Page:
About Homework Assignments
The assignments that are listed on this page are to be completed before class starts the day they are due. Because we meet once a week some of the assignments might be due several days prior to when class meets. This will allow the instructor and the rest of the students to see the work and, if part of the assignment, respond to it. Do to the nature of the course, I do not expect there to be many of these kinds of assignments.
for Thursday, Feb 14
Please connect to the openarea on the Rowan servers from your residence—either off campus or on campus. Do not wait until the last minute to try and connect as it will most likely be a frustrating experience the first few times you try . If you have trouble, contact the Help Desk at 856.256.4400 (if you have Windows Vista on your computer, contact the Help Desk immediately). If they cannot help you (and have told you as such), email me exactly what the problem is (Example of what not to email me: "I can’t connect! Please help!"), at what stage you are getting the problem, and what you have done up to that point. Tell me also if you are using a wireless computer. I cannot gaurantee that I will be able to fix your problems, but I will try.
Here is what you need to do to connect:
If you live off campus you first must download and install a software application called a VPN. The VPN creates a secure connection between your individual computer and the Rowan computer network. The VPN is a computer program similar to any other computer program you use on your home computer (Word, Acrobat, etc.)—first you need to download and install it. Then, every time you want to do something that requires the program (such as, create a Word doc), you need to run it. Just like those other programs, you only need to download and install the VPN once. However, also like those other programs, you need to use and run the VPN every time you wish to access the open area. Simply click on the icon that is on your desktop or in your Start menu and follow the instructions. After you have connected using the VPN then you connect to your open area on the Rowan servers as explained at http://www.rowan.edu/toolbox/network/off_campus/#open.
If you live on campus you do not need to use the VPN to connect. Follow the instructions listed at: http://www.rowan.edu/toolbox/network/on_campus/#open_stu.
I want to reiterate that this process can be frustrating at first (especially if you live off campus), so if you don’t get it right away do not get frustrated. Take a few minutes and try again. Once you get the hang of it, however, it will become second nature. Good luck!
for Thursday, Jan. 31
Please read through the Learning Record information web site, especially the pages for students. Then come up with 5 written questions you have about the Learning Record process. Post your questions to your blog. We will be using your questions to frame our discussion of the Learning Record on Wednesday.
I also encourage you to begin to play with the blog—add and change images and learn the many features of this great blog software. To learn how to do just about everything, see WordPress topics and click on the topic that interests you. You can also stop by the WordPress forums. And, of course, you can always email me and/or come by my office. Have fun!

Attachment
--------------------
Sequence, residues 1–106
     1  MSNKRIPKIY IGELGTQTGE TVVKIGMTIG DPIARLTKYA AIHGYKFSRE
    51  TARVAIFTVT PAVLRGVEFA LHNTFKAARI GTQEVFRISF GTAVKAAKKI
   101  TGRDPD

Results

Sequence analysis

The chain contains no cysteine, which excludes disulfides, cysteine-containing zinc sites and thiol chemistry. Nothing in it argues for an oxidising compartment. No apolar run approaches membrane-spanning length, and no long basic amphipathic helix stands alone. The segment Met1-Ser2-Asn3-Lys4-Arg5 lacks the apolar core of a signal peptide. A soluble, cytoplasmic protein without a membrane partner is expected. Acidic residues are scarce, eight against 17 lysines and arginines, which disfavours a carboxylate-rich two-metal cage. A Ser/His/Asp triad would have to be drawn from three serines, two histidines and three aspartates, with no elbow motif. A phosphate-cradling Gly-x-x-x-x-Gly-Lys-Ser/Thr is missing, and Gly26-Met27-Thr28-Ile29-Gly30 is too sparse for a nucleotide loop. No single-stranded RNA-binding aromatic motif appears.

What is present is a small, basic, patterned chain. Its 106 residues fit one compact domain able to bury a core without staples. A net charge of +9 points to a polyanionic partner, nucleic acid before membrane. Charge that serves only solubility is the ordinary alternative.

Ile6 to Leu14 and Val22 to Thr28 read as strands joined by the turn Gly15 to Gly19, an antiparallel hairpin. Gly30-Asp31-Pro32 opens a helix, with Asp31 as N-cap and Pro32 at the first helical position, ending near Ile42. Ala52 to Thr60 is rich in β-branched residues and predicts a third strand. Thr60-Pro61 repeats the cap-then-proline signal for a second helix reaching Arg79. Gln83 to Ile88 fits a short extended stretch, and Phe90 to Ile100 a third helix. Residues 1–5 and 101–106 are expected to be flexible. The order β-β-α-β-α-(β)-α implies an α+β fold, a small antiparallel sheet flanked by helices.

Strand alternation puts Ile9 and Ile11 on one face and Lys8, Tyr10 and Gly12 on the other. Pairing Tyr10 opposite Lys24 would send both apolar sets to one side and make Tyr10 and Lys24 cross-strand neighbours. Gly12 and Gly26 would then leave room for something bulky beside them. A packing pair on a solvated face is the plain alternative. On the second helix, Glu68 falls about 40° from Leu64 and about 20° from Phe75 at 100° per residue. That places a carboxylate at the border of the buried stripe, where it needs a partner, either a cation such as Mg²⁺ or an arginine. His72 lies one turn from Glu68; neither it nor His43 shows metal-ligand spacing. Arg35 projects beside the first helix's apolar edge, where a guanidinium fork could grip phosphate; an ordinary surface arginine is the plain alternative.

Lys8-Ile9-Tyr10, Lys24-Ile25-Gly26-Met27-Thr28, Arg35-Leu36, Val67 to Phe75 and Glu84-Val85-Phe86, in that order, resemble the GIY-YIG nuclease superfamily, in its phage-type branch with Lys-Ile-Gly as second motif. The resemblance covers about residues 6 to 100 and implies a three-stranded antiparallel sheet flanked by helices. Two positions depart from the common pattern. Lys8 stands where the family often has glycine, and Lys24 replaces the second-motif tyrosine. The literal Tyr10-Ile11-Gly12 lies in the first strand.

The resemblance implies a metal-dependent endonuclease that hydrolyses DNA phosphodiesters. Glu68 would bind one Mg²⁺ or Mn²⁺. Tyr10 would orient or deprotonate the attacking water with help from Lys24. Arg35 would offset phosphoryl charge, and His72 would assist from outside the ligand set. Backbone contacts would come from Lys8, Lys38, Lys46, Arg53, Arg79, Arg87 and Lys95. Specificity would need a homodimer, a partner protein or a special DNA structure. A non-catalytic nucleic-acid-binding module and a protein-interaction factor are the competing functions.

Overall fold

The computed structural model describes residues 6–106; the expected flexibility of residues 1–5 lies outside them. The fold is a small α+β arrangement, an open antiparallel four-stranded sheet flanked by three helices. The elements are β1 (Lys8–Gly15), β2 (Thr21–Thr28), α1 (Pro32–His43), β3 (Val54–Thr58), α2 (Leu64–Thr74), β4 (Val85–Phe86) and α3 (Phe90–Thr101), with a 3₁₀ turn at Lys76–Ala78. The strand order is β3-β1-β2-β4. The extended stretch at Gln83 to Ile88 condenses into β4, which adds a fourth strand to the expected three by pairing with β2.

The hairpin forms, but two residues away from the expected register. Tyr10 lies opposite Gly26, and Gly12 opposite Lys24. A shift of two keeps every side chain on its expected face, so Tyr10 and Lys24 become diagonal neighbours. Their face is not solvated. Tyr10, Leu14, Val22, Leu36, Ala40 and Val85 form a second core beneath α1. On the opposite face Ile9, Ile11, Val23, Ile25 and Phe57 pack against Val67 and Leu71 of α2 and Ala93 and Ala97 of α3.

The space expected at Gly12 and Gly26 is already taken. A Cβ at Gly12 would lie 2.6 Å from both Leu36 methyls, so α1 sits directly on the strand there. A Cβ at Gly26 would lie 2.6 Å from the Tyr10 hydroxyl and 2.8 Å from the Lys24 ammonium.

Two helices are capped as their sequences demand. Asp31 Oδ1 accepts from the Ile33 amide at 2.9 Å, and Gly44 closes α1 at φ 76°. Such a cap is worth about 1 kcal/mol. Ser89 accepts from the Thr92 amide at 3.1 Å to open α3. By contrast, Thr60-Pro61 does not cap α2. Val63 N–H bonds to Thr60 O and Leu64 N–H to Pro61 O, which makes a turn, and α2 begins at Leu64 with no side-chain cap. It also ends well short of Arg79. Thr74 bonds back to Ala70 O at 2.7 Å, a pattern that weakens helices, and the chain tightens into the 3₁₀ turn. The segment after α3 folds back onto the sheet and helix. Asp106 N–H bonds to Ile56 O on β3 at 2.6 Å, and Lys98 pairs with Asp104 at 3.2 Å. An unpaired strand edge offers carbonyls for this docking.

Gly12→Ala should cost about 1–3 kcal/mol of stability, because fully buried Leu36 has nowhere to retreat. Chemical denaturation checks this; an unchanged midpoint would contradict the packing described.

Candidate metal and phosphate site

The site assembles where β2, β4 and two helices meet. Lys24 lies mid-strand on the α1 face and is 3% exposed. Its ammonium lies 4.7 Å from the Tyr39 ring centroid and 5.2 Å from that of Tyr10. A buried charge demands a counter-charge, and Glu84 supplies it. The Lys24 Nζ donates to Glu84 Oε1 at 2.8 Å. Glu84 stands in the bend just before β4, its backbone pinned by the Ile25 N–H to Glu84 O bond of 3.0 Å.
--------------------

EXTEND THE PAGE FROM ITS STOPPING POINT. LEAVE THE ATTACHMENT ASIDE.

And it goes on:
for Thursday, Jan. 24
This assignment was emailed to the class on Tuesday, Jan. 15:
We have a jam-packed semester, and having this completed will help us on the way to being able to getting to everything. You will see that I have attached three PDF files. Two are from Diane’s blog book, and the other is a seminal essay (1945) by Vannevar Bush, "As We May Think," which appeared in the Atlantic Monthly. Diane’s essays are quick reads; Bush’s is a bit more technical. Please read them all and bring them with you to class. They are available on the Readings page (password protected).
As well, I’d like you to identify your personal, educational, and professional "interest spheres." These spheres are the subjects, ideas, communities, etc., that you are interested in and/or curious about on a variety of levels. Often, when we think about our personal, educational, and professional interests we say, "Oh, I’m a getting a Masters in Writing, but I’m really interested in journalism." Or, something to that effect.
Those statements are quite useful, but the areas "journalism" and others, like "elementery education" or "law" or "creative writing" are quite broad. For example, what specific area of journalism are you interested in: op/ed, sports, politics, environmental, journalist ethics, etc.? These are subclasses of the larger field of journalism. We can do the same with elementary education: No Child Left Behind, funding of education, politics and education, special needs students, art in education, technology in the el ed classroom, and so forth. Each of these areas offers a very specific community wherein people are exchanging ideas, best practices, and proposals for future changes. Similar things can be done with personal and educational interests. Here, for example, is a breakdown of my professional and personal:
- higher education (professional)
- technology and education
- learning space design
- classification systems
- photography (personal)
- black and white
I would like you to locate 3 or 4 specific areas of professional, educational, and personal interests. Create a hierarchy as above, and bring it with you to class. Then, using the blog search engine technorati or google begin searching for blogs in that particular specific area.
Last, I would like you to begin to think about a title of your own blog, if you were to be asked to create a blog in a graduate course called "Writing for Electronic Communities." The blog will touch on the personal, professional, and educational interests you come up with, so the title should be related in some way. You can see the blogroll on the sidebar of this page to get some ideas.